When traveling along the downtown Lexington Avenue (4/5/6) platform at 14th Street-Union Square, one may hear a loud bang every time a train enters or exits the station. These are the moving gap fillers, meant to bridge a gap between a train and platform that would otherwise snag unsuspecting commuters.
The station is part of the original subway line from 1904 and the track is slightly curved. This wasn’t a problem with the original car designs, which had their doors at the ends of every car. The doors lined up neatly with the platform and everything was fine until the subway switched to trains with middle doors, as well as back doors that were further from the end. This necessitated creating gap fillers for any riders who chose to board or disembark via these doors.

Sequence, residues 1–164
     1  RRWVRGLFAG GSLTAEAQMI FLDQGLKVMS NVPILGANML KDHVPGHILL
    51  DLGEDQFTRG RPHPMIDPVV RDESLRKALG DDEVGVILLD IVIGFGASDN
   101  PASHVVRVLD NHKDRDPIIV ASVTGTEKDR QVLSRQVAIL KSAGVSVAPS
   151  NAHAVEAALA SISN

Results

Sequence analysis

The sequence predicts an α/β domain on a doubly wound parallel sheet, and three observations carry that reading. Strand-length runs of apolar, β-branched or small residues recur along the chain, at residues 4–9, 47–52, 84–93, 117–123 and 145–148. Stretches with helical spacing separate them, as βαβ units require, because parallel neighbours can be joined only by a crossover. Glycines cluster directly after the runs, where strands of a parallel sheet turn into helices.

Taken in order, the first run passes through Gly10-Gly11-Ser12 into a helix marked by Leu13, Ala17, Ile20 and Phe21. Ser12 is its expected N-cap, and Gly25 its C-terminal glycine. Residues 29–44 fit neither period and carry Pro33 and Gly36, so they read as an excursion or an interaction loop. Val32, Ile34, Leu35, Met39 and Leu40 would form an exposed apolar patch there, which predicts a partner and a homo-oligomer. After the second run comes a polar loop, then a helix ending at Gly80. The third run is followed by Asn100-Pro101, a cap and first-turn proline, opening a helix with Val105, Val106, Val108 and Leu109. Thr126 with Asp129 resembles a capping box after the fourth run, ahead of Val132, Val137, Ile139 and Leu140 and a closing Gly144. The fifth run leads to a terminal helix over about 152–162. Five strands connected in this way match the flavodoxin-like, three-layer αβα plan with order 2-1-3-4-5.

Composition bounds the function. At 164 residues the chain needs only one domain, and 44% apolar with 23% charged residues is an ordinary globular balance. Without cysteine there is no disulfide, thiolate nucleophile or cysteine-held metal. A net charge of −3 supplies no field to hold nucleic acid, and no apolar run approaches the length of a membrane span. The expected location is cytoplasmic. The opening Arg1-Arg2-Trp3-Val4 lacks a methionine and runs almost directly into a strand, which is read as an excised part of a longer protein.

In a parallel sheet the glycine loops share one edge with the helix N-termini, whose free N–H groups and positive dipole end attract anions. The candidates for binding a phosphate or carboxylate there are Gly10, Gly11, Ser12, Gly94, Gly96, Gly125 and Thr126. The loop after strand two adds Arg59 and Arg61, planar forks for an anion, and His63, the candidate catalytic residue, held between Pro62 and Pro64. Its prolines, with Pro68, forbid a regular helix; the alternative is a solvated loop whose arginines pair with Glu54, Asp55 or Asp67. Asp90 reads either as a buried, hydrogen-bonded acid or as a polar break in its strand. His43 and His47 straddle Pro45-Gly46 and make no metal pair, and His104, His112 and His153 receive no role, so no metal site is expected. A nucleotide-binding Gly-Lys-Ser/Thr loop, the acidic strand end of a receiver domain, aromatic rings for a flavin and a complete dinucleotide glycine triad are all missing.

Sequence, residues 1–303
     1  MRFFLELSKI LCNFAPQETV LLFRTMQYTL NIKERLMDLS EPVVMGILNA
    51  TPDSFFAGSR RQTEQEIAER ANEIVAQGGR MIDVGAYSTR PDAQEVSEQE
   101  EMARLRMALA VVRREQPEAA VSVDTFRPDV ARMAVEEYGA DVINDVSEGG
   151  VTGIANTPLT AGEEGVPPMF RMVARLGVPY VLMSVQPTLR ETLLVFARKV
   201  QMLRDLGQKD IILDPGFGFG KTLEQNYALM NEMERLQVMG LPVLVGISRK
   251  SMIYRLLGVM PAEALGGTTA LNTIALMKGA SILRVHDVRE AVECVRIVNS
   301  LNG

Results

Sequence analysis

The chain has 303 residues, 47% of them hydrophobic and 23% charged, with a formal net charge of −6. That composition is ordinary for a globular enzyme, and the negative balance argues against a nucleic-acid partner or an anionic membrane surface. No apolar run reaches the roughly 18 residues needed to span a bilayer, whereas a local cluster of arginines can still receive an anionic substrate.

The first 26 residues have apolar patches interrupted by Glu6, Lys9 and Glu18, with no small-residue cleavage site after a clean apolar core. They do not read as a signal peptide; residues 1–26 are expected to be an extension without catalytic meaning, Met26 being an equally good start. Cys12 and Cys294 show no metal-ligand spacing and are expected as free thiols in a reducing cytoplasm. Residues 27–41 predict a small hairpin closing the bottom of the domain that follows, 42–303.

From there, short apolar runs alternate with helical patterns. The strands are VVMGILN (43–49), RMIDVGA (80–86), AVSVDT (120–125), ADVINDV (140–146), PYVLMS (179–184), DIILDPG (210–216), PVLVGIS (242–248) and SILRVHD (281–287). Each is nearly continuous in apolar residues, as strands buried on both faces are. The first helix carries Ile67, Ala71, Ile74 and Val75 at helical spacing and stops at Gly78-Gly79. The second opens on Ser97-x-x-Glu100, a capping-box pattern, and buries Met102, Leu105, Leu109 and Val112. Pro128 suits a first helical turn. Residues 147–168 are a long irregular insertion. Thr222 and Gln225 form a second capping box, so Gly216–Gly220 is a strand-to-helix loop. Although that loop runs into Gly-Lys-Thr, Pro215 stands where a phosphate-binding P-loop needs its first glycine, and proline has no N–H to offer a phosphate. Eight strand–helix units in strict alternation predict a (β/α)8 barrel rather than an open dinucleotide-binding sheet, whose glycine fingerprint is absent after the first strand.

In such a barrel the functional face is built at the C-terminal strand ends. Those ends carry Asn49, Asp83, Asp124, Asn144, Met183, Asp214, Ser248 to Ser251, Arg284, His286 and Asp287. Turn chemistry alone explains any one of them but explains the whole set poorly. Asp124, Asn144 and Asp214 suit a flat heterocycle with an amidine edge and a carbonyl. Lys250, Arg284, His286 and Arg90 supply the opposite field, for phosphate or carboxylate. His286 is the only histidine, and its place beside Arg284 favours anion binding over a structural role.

Union Square wasn’t the only station equipped with these gap fillers at first, with stations like South Ferry and the Times Square shuttle also employing them. But those stations were renovated in 2009 and 2021 respectively, leaving Union Square’s downtown 4/5/6 platform as the sole survivor.
The hydraulic gap fillers operate via a motion sensor, automatically extending when trains enter the station and retracting when the train leaves. The fillers are clearly marked on the floor so that passengers know to stand clear.
Know Before You Go
The gap fillers are only found on the downtown platform for the 4/5/6 trains. You can take one of those three trains to 14th Street, or take the N, Q, R or L to Union Square and transfer platforms.